Try Again Kid. Tools for Resilient Parenting 0
A Spiritual Journey to Ordinary-ness
Today was my son's first day of third grade. Its a big year for his development. He's set to become more independent- doing more chores, paying attention to his own needs, being responsible for his commitments and plans. As a parent who is contantly self-evaluating my guidence, I'm hyper critical of my own helicopter-like moments. This is when I get in the way of both his successes and his failures. If he feels successful, I try not to dole out a bucket of praise. And when he fails, I try not to catch his tears.
He's got to learn to fail.
When I've set up my PinBox 3000 Art-Cade, you'd be surprised how many times I've heard kids try it for the first time, launch thier first marble, miss the flipper button, watch the ball drain out, and then say, "I'm terrible at this". All within the first 1.5 seconds.
My response is: "If you had though that when you were a baby, you'd still be crawling around on all fours." It's a bit harsh, but hidden in the comeback is a challenge. Suck it up and try again.
Failure is essential to growth.
So just try again, duh.
Here are two books that I'm recommending to all parents who want to raise independent kids.
Educators and designers who want to have a lens of empathy when guiding kids through differing levels of success and failure.
The Self-Esteem Trap by Polly Young-Eisendrath, Ph.D, is the kind of book that could be the go-to parenting guide for this generation of parents. We GenXers should not blame ourselves for all the wondering and wandering about we did before we had kids. Some of us (white kids) were raised in environments of praise, so naturally praise our kids, and in doing that, we tend to go overboard, thereby inflicting an inflated ego on our kids where they feel they can do no wrong and are entitled to "anything they can dream". (And possibly at the expense of others) Well, NEWS FLASH- It Ain't Like That. The right amount of failure is needed to help kids understand....
- The world does not revolve around them
- They should get back up and show some grit
- They can figure out many of thier own problems
- Being Ordinary is OK
That last one hit me like a ton of bricks. Having been raised in the era of "if you can dream it..." we've forgotten as a culture that helping others, being a reliable friend, and showing kindness are admirable and worthy goals in of themselves. Giving your kids permission to fail, to be ordinary, to show kindness, to show emotion- these are key to developing independant humans, who will hopefully stop handing you thier garbage or thier dirty laundry, both literally and emotionally.
(I'm reminded of the amazing film Won't You Be My Neighbor?, a documentary about the life of Fred Rogers- a great puppet master and a true genius of emotional intelligence. Fred knew that kindness and love were more important than ability or charm.)
"Failures and mishaps teach us about ourselves and about our world-how others see us and what we can expect."
-from The Self-Esteem Trap
Designed for Success (and Failure)
The Design of Childhood: How the Material World Shapes Independent Kids by Alexandra Lange employs each chapter to look at elements of the not-so-designed-for-kids modernity.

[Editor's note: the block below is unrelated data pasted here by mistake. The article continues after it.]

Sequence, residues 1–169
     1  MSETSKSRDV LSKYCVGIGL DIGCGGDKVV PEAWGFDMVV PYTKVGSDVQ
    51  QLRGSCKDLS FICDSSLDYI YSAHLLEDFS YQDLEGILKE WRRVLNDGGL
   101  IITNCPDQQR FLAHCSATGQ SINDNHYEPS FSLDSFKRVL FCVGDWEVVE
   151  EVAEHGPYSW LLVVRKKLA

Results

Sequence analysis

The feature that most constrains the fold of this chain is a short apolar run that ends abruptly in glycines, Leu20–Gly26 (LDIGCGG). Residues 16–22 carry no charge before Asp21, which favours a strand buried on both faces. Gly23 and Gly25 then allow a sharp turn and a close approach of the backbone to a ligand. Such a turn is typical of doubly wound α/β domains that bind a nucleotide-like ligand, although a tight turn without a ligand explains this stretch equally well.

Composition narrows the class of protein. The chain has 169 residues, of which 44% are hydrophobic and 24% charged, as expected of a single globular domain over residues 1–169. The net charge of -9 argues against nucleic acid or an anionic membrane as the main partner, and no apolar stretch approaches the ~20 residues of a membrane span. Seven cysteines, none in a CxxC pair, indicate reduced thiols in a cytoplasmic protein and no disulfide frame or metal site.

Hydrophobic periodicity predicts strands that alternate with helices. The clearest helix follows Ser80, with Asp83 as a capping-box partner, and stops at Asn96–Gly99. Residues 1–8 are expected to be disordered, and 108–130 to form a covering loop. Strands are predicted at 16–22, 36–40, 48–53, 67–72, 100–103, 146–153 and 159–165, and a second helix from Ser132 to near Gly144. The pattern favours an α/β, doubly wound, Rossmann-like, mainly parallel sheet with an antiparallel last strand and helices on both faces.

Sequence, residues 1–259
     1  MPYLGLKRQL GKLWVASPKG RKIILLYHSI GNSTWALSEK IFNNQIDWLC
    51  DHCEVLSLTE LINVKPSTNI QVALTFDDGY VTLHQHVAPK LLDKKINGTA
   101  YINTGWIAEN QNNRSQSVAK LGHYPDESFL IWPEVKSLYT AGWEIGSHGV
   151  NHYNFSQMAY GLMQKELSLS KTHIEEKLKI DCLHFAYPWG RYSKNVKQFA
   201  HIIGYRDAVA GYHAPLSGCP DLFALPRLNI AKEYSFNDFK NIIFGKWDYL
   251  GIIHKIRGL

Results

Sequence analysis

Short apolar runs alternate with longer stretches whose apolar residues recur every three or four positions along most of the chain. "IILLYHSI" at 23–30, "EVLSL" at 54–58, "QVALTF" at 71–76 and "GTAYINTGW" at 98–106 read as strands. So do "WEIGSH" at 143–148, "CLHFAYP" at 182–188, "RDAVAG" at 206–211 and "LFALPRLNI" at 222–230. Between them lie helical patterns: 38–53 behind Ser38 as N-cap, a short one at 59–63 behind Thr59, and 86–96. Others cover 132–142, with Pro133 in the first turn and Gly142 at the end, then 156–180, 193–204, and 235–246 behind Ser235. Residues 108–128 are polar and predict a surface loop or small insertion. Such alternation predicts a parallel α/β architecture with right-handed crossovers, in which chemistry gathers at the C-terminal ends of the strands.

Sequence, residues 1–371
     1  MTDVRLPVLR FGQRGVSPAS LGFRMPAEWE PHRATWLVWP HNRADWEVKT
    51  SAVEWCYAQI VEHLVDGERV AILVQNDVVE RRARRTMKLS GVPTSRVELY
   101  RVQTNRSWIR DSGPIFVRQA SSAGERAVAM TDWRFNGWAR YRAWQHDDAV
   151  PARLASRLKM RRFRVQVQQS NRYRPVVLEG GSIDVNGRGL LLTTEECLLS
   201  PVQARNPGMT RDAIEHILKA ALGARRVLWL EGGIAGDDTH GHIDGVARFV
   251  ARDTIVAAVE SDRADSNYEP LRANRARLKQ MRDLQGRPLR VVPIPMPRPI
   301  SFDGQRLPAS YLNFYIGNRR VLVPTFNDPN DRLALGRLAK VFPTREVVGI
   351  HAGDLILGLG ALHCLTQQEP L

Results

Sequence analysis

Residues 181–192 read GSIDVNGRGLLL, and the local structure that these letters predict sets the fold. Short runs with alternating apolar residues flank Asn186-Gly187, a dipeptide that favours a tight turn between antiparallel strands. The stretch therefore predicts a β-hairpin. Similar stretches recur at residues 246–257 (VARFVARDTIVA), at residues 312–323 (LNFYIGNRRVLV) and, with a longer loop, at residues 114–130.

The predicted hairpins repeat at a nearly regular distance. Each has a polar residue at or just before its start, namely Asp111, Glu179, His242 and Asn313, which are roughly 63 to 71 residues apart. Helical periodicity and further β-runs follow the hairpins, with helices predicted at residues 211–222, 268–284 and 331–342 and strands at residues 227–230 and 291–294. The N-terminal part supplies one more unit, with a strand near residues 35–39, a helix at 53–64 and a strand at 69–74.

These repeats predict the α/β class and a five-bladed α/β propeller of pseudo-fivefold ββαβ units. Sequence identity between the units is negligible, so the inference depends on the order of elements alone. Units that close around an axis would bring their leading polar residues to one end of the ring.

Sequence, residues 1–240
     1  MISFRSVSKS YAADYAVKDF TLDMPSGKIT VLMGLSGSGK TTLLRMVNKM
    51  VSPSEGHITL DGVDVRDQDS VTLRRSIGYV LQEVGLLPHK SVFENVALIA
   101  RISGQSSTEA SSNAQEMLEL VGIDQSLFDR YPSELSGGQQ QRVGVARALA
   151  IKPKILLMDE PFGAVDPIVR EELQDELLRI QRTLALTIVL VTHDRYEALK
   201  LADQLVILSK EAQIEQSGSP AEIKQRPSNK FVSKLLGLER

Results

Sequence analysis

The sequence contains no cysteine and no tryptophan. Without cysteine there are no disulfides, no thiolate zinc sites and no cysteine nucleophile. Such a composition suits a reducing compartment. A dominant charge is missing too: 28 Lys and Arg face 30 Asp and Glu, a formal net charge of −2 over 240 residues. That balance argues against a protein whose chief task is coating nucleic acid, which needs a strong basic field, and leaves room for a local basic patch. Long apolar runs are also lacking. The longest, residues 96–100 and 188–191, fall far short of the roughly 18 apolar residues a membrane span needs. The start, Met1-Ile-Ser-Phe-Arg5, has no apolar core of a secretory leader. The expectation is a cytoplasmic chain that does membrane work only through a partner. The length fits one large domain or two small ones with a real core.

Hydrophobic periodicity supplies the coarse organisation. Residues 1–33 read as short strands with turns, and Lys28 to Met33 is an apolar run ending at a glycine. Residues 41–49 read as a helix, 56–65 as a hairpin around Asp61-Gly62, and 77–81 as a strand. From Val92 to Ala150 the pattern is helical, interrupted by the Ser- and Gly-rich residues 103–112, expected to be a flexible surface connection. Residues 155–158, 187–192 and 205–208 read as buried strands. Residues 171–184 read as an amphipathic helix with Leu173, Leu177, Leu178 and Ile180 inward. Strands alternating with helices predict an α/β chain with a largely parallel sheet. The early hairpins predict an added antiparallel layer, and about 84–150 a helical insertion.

Chapter one is "Blocks"- going from unit blocks to Legos to cardboard boxes to Minecraft, Lange brings her analysis to what makes good design for developmental growth. Failure comes into focus here, just as much as success. The child's tactile engagement of the world via design influences the growth of children in ways that are hard to comprehend. This book threads a historical dialogue that brings us to our present design tastes.
It gave me a lot of ideas about making with my kids.
In the chapter titled "Playground", I was inspired to read about the movement for "Adventure Playgrounds" where kids can experiment with a variety of large-scale materials and real tools to build and design a world of their own without protecting them from elements of bodily risk. Just as the abandoned lot used to serve as playground, we parents can learn to step away from the heap of kids and let failure, plus the notion of risk-taking play out to their conclusions. If you give your kid a pile of cardboard, do you think you'd be able to not jump in and instruct them?
Its More than Just a Scratch
Not getting in the way of your child's failures doesn't mean that you shouldn't protect them from harm, of course not. But what both books, (as well as the Mr. Rogers film) seem to speak of is an empathetic view of failure that resonates with the growth of the child. This is in contrast to inoculating the child against the pains and groans of daily life.
We have a lot to learn from this. Let's not be too hard on ourselves either.
Supportive Ways to Speak to your Child
"Tell me what is wrong."
"You can use a normal voice (instead of a sad one) so I can understand you better."
"Do you think you could try again, or do you need a break?"
"I think you are very close to solving this problem."
"It hurts to fall, but I think you'd rather try again than quit, right?"
We are building a movement of makers, creative thinkers, and game designers and it all starts with bending cardboard.
Are you ready to Tilt the Future?